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She lived mostly in a succession of shared Brooklyn rentals until she took the one-bedroom, paying $1,140 a month.
Though her Brooklyn apartment was charming and homey, “I was kind of fooling myself about how great the neighborhood was,” she said. She lived on a main drag, Washington Avenue, which was “loud and dirty, and there is not a lot in the way of restaurants and shops.”
“I didn’t realize how much I would hole up in my apartment because there was nothing really to pull me out of it,” she said.
The two met at work, though it took them a while to realize how much they liked each other. (Ms. Reimer is currently doing freelance writing while hunting for an editorial job.)
Mr. Basner spent most weekends at her place, feeling marooned and unsettled. It was “too far away from everything for me,” he said. “Courtney likes hitting the snooze button” before coffee and the newspaper, whereas “the second the alarm rings, I am up and ready to go. I got anxious and antsy and wouldn’t want to rush her.”
He hoped to pay $2,800 or less for a one-bedroom in Chelsea, a neighborhood he knew and liked, while she wished to pay no more than $2,500 somewhere in Brooklyn.
He was diligent about arranging to see open houses. It fell to Ms. Reimer to make the case for Brooklyn, but she dragged her feet about hunting there. “He had more criteria that needed to be met,” she said. “I would go along with almost anything.” When she did find an interesting Brooklyn listing, she asked his opinion, but “he vetoed everything.”
Last winter they saw a Chelsea duplex, on the corner of 23rd Street and 10th Avenue, with a low-ceilinged loft area, for around $2,300. They liked it enough to talk about it, but not to actually do anything.
At the Milan condominium on West 23rd Street, a one-bedroom rented for around $2,500, but they both had problems with it. Ms. Reimer preferred a prewar building. Mr. Basner felt the Milan lacked character. “We didn’t need a doorman; we didn’t need stunning brand-new appliances,” he said.
Nearby, in a walk-up brownstone, a top-floor duplex for $2,600 was nice, but the spiral staircase was frightening. “I thought of myself in the middle of the night,” Mr. Basner said.
On Sundays, he liked to return early to his home to get organized, shop for groceries and call friends. One Sunday in March, Ms. Reimer’s plans for the afternoon fell through, and they had a spat about his departure time. “She got really upset that I didn’t want to hang out with her,” Mr. Basner said. “I explained that when her home was my home, it would be different.”
That was their catalyst. They became serious about actually finding a place. Feeling Chelsea had few viable possibilities, Mr. Basner turned to Brooklyn.
They noticed a Brooklyn Heights listing that mentioned a “once in a lifetime opportunity” to live in a mansion. In a picture of a bedroom, scaffolding was on the window. They arranged to visit, knowing the place was on the corner of Pierrepont and Henry Streets.
Finding the intersection on Google Street View, Mr. Basner saw scaffolding on a midrise brick building — the wrong building, it turned out, and not a mansion at all. But, on the opposite corner, there it was in full glory, photographed before any scaffolding had gone up. The building is the Herman Behr Mansion, circa 1889. It now has around two dozen rental apartments.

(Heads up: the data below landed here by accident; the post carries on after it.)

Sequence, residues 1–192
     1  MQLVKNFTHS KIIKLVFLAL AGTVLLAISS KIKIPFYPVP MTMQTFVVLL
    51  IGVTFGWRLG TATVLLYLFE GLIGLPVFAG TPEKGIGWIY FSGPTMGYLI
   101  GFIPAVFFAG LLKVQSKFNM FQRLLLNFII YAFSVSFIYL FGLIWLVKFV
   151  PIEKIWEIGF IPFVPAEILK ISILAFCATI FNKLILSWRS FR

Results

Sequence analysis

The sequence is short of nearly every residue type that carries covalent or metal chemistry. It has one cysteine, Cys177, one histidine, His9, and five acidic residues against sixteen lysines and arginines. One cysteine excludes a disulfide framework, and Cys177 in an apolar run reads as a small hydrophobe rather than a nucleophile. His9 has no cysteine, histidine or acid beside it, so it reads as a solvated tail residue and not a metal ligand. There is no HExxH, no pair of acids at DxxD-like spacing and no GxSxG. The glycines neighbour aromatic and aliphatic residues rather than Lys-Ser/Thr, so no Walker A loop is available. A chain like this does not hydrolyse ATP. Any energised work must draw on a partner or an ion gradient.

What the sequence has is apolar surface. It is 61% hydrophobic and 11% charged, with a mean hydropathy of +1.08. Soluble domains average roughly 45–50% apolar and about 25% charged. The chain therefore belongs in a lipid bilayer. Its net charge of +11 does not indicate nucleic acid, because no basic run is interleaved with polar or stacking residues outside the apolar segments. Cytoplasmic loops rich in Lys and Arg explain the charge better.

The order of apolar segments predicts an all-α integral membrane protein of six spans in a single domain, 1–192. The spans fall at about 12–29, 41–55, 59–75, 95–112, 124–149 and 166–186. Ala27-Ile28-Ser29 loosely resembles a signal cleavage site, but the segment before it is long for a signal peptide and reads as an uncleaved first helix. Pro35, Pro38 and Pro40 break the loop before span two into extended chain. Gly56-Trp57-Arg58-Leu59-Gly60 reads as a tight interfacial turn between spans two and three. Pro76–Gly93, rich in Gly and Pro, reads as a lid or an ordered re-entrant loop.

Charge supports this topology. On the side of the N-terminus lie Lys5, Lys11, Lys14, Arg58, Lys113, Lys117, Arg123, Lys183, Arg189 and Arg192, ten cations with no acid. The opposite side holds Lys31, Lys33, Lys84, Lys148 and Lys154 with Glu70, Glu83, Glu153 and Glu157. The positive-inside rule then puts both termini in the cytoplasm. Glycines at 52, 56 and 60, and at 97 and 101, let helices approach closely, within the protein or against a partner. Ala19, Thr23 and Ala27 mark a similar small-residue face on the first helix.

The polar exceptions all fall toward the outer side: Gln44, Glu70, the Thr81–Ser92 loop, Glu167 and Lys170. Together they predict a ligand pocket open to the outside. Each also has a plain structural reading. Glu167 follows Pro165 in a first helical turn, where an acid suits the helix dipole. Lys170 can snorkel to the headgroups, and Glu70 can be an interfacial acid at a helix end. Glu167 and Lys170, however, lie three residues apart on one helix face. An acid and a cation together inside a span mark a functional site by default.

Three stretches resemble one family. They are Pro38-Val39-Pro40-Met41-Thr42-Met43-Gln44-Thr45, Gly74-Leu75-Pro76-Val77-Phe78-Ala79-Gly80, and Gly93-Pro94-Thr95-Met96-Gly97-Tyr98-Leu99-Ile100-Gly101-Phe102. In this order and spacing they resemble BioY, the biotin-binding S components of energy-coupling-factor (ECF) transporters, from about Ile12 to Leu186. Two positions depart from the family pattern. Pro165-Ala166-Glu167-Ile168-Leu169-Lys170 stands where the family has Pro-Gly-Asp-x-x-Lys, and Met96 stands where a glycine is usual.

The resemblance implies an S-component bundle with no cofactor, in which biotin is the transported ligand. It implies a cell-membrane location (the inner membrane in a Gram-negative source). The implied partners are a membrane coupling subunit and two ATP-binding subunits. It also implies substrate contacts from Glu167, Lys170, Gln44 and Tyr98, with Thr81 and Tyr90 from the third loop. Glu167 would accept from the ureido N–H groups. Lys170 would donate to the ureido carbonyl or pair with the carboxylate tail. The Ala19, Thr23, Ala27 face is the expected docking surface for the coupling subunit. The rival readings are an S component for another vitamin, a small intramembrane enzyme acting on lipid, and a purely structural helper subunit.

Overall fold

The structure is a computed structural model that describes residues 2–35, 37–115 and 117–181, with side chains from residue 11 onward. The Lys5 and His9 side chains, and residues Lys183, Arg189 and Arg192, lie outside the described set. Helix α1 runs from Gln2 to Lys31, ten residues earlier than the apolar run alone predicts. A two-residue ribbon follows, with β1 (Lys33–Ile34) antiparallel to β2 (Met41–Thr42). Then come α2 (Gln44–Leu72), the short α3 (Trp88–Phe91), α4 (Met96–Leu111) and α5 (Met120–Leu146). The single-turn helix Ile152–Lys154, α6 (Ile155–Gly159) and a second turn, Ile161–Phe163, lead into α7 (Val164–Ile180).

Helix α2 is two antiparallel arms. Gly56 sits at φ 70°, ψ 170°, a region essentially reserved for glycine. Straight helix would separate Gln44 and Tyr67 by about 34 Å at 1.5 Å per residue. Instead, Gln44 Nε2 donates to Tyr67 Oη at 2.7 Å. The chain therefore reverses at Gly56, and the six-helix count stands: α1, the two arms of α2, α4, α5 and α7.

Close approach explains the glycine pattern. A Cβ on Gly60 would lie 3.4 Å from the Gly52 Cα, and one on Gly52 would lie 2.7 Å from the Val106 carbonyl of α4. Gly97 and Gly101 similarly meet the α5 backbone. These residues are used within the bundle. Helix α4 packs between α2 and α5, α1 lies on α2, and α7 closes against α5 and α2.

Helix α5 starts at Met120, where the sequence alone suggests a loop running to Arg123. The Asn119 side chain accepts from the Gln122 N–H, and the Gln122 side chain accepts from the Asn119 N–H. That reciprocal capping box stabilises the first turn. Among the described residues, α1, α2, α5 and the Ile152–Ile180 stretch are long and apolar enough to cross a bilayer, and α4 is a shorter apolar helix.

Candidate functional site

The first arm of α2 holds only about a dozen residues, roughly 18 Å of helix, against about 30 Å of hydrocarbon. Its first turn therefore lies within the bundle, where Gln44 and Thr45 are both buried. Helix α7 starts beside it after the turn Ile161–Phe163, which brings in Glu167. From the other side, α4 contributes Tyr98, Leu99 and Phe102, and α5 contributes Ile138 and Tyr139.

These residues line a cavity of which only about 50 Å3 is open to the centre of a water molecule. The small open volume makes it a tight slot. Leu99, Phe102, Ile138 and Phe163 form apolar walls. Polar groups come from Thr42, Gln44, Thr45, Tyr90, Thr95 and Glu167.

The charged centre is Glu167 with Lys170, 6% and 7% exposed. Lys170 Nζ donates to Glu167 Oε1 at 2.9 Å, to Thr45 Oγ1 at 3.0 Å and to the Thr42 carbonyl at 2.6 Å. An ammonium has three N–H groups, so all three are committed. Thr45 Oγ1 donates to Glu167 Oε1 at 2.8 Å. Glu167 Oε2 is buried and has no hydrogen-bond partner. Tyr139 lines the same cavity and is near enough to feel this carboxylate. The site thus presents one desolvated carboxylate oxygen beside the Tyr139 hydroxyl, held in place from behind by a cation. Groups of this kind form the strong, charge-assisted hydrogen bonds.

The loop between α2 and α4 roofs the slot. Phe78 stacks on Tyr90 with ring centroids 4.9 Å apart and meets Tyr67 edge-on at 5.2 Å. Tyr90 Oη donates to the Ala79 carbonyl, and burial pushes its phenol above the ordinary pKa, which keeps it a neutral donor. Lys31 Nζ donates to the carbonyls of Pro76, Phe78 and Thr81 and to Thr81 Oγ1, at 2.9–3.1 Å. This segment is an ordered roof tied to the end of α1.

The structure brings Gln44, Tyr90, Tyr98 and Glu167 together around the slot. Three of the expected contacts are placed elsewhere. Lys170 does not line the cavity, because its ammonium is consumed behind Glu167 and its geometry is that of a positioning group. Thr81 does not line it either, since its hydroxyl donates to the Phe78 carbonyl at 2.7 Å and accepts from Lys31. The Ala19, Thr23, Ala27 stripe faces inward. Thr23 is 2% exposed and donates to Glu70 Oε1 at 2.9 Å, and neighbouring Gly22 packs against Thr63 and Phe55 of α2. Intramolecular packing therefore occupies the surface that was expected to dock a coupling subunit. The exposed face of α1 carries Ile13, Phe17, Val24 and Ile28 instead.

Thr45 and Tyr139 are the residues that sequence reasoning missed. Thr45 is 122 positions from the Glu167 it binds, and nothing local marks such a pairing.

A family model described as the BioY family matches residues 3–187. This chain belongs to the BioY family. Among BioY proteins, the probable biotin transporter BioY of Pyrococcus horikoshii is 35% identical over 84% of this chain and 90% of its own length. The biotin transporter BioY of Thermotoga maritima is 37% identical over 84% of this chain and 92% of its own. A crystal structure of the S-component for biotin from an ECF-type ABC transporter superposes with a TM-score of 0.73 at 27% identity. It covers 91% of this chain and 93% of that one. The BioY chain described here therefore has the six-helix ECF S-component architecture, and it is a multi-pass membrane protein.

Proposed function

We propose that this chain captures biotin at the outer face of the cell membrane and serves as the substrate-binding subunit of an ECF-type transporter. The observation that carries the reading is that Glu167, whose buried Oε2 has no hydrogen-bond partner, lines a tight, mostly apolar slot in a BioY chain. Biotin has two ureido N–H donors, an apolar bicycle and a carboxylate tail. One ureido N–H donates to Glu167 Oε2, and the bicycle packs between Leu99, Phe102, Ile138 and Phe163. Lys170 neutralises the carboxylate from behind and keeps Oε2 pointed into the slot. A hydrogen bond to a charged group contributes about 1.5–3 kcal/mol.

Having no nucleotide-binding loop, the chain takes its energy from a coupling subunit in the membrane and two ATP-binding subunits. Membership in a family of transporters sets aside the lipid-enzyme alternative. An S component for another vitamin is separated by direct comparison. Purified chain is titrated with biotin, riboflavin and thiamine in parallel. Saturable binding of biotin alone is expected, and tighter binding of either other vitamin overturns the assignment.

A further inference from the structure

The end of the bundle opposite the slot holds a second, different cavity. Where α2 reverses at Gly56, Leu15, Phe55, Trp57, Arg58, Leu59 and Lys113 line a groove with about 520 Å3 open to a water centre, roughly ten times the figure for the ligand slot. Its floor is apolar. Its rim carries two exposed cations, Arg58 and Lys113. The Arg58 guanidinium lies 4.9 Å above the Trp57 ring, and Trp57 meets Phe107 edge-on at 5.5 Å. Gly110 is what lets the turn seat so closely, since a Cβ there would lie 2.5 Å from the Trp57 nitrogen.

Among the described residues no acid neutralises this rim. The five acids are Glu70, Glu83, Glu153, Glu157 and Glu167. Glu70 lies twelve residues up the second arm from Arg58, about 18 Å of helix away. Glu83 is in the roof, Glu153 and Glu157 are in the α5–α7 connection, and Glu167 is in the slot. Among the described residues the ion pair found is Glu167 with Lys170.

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Over the telephone, they together navigated the neighborhood via Google Street View. It seemed wonderfully livable to both.
Ms. Reimer fell in love with the lending library in the lobby. Despite the scaffolding, the top-floor one-bedroom was sunny, with “a view that rivals that of some high-rises,” Mr. Basner said.
The departing couple, who had paid $2,400, were downsizing because of a job loss. Mr. Basner asked about the noise situation and was told it wasn’t bad.
Another interested apartment hunter was planning to return the next day with her husband. Mr. Basner and Ms. Reimer, afraid to wait, rented the apartment for $2,200 a month.
Ms. Reimer moved in in mid-April, a few days before Mr. Basner. After her first night, she told him that it wasn’t so quiet. “That made my heart sink,” he said.
Even though “it is a quiet neighborhood in that you don’t hear people driving by with booming bass in their car,” Ms. Reimer said, street noise seems to travel. Neighbors hold rooftop parties, so there’s talk and laughter at night. Chilly weather meant clanging pipes at 6 a.m. A white-noise machine and earplugs are necessary. But Ms. Reimer, who works from home, tolerates rooftop construction during the day.
The mansion’s beauty is currently hidden, though they know what they’ve seen in pictures. “I take it on faith it looks like that,” Ms. Reimer said.
The two have no more spats, and they can now keep their own schedules. Ms. Reimer is decorating. As far as “things like where the table should go, I really don’t care about any of that,” Mr. Basner said. “I just care about the application. I just want something to hold my food. Courtney is hemming and hawing about what to hang up, and I just want something to cover the wall. It works out great.”
The best part, he said, is that “I get to come home to her rather than having to wait a few days to see her.”
A version of this article appears in print on , on Page RE6 of the New York edition with the headline: A Place They Both Call Home. Order Reprints| Today’s Paper|Subscribe
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